We’ve gone so long between entries that another holiday is upon us. It is that time when we enjoy more confections, and food in general, than we do throughout the rest of the year. It is also the time for odd foods such as fruitcake which is rendered edible only through a thorough soaking in booze. We’re going to take a slight break from cocktails and try some foods that are enhanced or dominated by spirits. That can include candies, sides and main dishes as long as there is a liquor component.

Hot Cider Nog

ACNogJMProposed By: Jonathan

Reviewed By: David

One could posit that the proposed drink is more a posset than an eggnog. That assumes, of course, that one knows the difference between a posset and a nog or even what a posset is.

The history of eggnog can be traced back to England and a hot drink that sometimes doubled as a dessert. Possets date back to at least the 15th century based on their appearance in historic documents. Samuel Pepys wrote of eating a sack posset in his diary and was referring to a warm milk drink that was curdled with sack (like a sherry), sweetened and spiced. The classic version included milk or cream, sugar, spices, an ale or wine for curdling, and some kind of thickening agent. Special pots, much like a fat separator for gravy only much fancier, were used to pour out the lighter liquid to drink while leaving the thicker part to eat like a custard (a syllabub if you want to be technical). Later versions added eggs although both eggs and dairy were available mostly to the upper class.

Shakespeare referenced possets in a number of plays. David is the Shakespeare scholar in our family so I am sure he immediately thought of Lady Macbeth in reading that word. She used a drugged posset to render Duncan’s guards immobile so that Macbeth could steal in and assassinate the king. It appears she even enjoyed a spirited version of the drink to fortify herself:

That which hath made them drunk hath made me bold
What hath quenched them hath given me fire

This beverage tradition of possets traveled to the colonies. Milk, cream and eggs were of much wider availability which could have led to greater popularity. The sack or sherry was replaced with the more common spirit, rum, in the colonial version. Speculation on the name relates to both the addition of rum and the type of cup in which the drink was traditionally served. Rum, or grog in common parlance, led to a drink called egg and grog. It was served in a small rounded wooden cup called a noggin (yes that is where the slang reference to the head probably started) and became egg and grog in a noggin. Finally, nog is slang for ale, which was of course one of the original ingredients in the posset.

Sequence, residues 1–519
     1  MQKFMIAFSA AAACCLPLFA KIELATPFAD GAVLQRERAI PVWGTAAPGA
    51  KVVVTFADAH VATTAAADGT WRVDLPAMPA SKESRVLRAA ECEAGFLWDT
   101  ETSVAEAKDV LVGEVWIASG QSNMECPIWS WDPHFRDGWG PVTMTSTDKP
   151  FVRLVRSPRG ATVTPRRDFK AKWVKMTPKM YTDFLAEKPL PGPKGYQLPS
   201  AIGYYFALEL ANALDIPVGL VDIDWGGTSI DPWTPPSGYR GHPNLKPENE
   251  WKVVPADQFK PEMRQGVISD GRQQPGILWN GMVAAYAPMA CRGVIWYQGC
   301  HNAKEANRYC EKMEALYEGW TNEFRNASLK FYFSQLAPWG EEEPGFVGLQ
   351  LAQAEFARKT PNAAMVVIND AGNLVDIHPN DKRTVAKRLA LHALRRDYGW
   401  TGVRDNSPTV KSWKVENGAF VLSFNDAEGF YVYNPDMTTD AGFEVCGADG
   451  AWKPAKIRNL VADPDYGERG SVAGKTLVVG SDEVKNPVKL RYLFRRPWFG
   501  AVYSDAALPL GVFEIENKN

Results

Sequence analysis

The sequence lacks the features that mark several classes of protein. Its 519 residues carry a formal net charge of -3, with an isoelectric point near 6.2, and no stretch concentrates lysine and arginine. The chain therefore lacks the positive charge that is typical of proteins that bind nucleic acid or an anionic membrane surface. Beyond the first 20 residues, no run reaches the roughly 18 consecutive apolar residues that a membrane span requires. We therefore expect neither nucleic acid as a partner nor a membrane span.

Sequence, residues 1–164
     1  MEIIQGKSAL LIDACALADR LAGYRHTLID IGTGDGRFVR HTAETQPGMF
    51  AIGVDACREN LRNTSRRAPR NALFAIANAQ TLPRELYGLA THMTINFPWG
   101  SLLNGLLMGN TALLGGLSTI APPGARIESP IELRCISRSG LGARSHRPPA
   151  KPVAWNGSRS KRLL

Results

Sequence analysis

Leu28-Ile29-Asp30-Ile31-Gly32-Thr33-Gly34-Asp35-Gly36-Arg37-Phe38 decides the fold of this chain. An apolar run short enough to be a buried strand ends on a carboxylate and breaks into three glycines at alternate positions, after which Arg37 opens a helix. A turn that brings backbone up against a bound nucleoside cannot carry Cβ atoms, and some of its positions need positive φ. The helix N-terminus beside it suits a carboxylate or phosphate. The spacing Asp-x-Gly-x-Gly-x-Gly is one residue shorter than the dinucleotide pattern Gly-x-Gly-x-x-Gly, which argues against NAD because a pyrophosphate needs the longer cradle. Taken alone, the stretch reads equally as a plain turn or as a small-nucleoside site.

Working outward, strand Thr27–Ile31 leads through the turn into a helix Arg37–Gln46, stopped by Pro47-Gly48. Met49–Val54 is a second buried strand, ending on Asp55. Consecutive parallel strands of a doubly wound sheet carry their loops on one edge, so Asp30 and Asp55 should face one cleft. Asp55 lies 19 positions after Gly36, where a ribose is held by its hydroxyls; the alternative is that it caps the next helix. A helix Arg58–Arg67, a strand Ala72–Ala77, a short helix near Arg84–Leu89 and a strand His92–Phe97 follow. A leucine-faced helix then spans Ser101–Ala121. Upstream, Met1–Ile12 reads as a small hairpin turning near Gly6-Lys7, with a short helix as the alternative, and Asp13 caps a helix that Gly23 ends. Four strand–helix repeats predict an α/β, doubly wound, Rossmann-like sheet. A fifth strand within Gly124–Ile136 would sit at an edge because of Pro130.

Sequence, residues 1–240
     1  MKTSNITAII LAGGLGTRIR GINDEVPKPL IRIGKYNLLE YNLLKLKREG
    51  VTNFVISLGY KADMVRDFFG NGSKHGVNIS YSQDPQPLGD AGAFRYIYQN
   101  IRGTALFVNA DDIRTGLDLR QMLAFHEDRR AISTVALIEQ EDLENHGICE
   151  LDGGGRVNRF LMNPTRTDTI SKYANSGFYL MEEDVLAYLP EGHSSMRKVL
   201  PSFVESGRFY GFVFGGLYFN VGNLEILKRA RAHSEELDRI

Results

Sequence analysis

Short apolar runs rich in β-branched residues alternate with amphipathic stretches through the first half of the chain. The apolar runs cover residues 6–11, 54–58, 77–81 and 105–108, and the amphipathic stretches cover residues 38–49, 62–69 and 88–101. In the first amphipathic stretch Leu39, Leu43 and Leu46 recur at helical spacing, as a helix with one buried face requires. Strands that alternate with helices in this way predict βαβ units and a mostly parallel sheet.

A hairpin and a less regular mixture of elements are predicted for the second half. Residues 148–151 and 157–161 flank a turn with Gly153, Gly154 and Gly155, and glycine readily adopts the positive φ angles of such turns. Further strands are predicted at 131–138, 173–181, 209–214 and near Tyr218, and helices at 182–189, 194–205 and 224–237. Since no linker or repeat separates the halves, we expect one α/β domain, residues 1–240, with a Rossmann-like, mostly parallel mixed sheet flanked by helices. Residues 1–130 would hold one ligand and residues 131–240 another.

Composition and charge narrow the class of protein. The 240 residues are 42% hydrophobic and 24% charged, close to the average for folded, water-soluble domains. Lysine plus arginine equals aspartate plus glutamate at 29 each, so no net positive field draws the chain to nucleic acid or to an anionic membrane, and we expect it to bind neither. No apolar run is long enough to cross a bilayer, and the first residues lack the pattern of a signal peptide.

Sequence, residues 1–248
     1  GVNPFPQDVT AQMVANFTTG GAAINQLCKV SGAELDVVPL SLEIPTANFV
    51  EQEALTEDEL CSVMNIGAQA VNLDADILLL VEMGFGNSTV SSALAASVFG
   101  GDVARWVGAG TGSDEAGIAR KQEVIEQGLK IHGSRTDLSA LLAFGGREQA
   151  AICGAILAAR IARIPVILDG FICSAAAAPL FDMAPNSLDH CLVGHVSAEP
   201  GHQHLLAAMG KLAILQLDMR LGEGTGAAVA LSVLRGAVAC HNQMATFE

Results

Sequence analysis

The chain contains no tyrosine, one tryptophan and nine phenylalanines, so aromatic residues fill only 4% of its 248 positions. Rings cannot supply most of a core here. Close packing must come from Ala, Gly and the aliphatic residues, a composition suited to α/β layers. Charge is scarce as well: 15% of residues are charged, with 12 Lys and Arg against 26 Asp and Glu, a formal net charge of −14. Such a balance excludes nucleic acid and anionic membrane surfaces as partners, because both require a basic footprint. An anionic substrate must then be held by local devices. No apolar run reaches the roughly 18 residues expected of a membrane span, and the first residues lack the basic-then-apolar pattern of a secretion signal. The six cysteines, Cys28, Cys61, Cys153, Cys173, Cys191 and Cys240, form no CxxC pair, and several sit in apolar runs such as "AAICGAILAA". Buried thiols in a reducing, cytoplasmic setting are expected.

Whatever the origin, what we call eggnog makes its regular appearance as the holidays approach and the weather, in theory, turns colder. The version that I proposed came from Southern Living and included an unusual addition unless you consider the evolution of the drink. This Hot Cider Nog adds apple cider which harkens back to the cider, ale or wine used in a posset:

2 cups half and half
1 cup milk
1 cup apple cider
2 large eggs
½ cup cider
¼ teaspoon ground cinnamon
¼ teaspoon ground nutmeg
1/8 teaspoon salt
Whipped cream and cinnamon sticks for garnish

Mix the first 8 ingredients in a large saucepan and gradually warm while stirring occasionally. The recipe recommends cooking until the thickened liquid coats the back of a spoon. I whisked the liquid almost constantly until it reached a temperature of 160 degrees to ensure those pesky eggs were safe but the milk and cream not overly scalded. The bourbon goes in last and I did bump the amount up to ¾’s cup.

There are recipes that suggest the final product should be cooled and even aged in the refrigerator for periods up to or even beyond six months. Our eggnog did get cooled but it had little time to age in a house full of family and guests. The odd addition, cider, was really not distinctive in the drink and fortunately did not curdle the milk. It did make for a lighter eggnog that was much better than the usual store-bought versions.

Here’s David’s Review:

NogDMIt occurred to me (ever so briefly) that I might save myself all sorts of time and trouble by just buying eggnog at the grocery. Making eggnog yourself is a delicate process—too hot and you have bits of scrambled egg in your drink and too cool and you might as well be Rocky before a morning run. Plus, the commercial stuff is readily available, and as a child, I loved it. I always looked forward to the holiday season when that carton hung around in the back of the refrigerator. I wouldn’t think of adulterating it with alcohol.

But now I know how caloric commercial eggnog is. Its preternatural viscosity probably derives from the sap of a South American tree, and the only eggs that go near it must start as powder. I’m a grown-up now. Making my own eggnog can’t be that daunting.